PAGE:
Soldiers the age of our students have the power to bring a whole academic community of 5000 students to its knees. They dare to call this “fighting terror,” but even a child could see that the aim is to “urge” people become so fed up that they will want to leave their country. Who can bear to see their children wasting their academic years doing nothing in front of their eyes? It is excruciating to watch. When I look to Maher, my eldest son, who still has one month to go before he graduates and who cannot finish his studies this month, I think about other students and how they spend their time, they are not allowed to go to their university, they are not allowed to be in the streets or they will be a choice target for the Israeli army. They have no escape, no parks, no theaters, no work and no place to go. What to do to make the world see this simple reality and stop talking incessantly about Palestinian “terror”?!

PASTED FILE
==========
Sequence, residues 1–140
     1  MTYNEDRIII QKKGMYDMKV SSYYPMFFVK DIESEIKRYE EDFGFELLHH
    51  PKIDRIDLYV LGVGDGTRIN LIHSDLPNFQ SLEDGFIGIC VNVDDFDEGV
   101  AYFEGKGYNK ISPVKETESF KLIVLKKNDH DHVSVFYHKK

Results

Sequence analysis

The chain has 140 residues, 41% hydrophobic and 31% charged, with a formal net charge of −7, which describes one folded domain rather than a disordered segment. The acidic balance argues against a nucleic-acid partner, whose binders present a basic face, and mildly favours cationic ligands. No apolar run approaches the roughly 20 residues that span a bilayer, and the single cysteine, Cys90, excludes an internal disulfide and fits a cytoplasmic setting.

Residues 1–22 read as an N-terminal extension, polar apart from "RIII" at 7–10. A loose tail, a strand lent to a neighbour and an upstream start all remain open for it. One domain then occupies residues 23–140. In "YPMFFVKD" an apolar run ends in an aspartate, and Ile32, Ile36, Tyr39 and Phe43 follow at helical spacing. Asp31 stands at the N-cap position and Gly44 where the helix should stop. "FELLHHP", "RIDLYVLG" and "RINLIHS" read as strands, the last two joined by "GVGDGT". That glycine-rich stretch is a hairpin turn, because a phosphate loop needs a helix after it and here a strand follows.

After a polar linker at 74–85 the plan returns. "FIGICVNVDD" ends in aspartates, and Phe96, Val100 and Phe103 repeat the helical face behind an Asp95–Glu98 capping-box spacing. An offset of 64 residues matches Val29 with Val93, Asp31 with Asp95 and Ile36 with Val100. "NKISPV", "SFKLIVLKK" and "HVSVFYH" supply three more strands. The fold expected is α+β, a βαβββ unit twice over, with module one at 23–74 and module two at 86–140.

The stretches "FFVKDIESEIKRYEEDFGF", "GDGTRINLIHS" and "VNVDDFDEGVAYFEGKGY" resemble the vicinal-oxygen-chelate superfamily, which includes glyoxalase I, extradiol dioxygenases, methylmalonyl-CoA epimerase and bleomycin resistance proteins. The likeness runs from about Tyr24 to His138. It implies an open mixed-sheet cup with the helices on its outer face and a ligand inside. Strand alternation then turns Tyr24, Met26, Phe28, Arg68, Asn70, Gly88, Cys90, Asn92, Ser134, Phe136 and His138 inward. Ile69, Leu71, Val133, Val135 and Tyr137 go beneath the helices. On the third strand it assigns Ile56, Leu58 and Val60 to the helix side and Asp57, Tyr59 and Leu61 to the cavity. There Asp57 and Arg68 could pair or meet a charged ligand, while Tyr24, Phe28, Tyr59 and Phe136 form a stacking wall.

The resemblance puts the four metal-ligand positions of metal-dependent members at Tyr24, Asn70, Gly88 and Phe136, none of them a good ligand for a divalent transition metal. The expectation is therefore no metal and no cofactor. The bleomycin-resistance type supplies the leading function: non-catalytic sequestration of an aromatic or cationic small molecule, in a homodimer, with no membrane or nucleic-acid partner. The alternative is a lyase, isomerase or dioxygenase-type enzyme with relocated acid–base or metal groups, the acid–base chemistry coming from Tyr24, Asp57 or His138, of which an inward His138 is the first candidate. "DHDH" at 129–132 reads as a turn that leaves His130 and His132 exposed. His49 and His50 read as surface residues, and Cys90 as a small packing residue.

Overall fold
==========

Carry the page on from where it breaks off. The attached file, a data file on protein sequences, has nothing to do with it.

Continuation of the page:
Yesterday, I woke up at 4 a.m., helicopters were hovering so close to the houses, tanks were roaring below in the streets. By 5 a.m., soldiers were announcing with their loud speakers: “You are forbidden to leave your houses; any one who does not follow orders will be severely punished or will be shot!” Then you realize that there will be no work today, no school, no newspaper, no plans will be implemented, by 6 a.m. I decided to go back to sleep again.
“My son’s wedding is supposed to be next week! What am I to do with all the invitation cards, with all the preparations?”, said Afaf, my neighbor, who has come over to visit me. “You are not afraid to go out of your house under curfew?” I ask, incredulous at her bravery.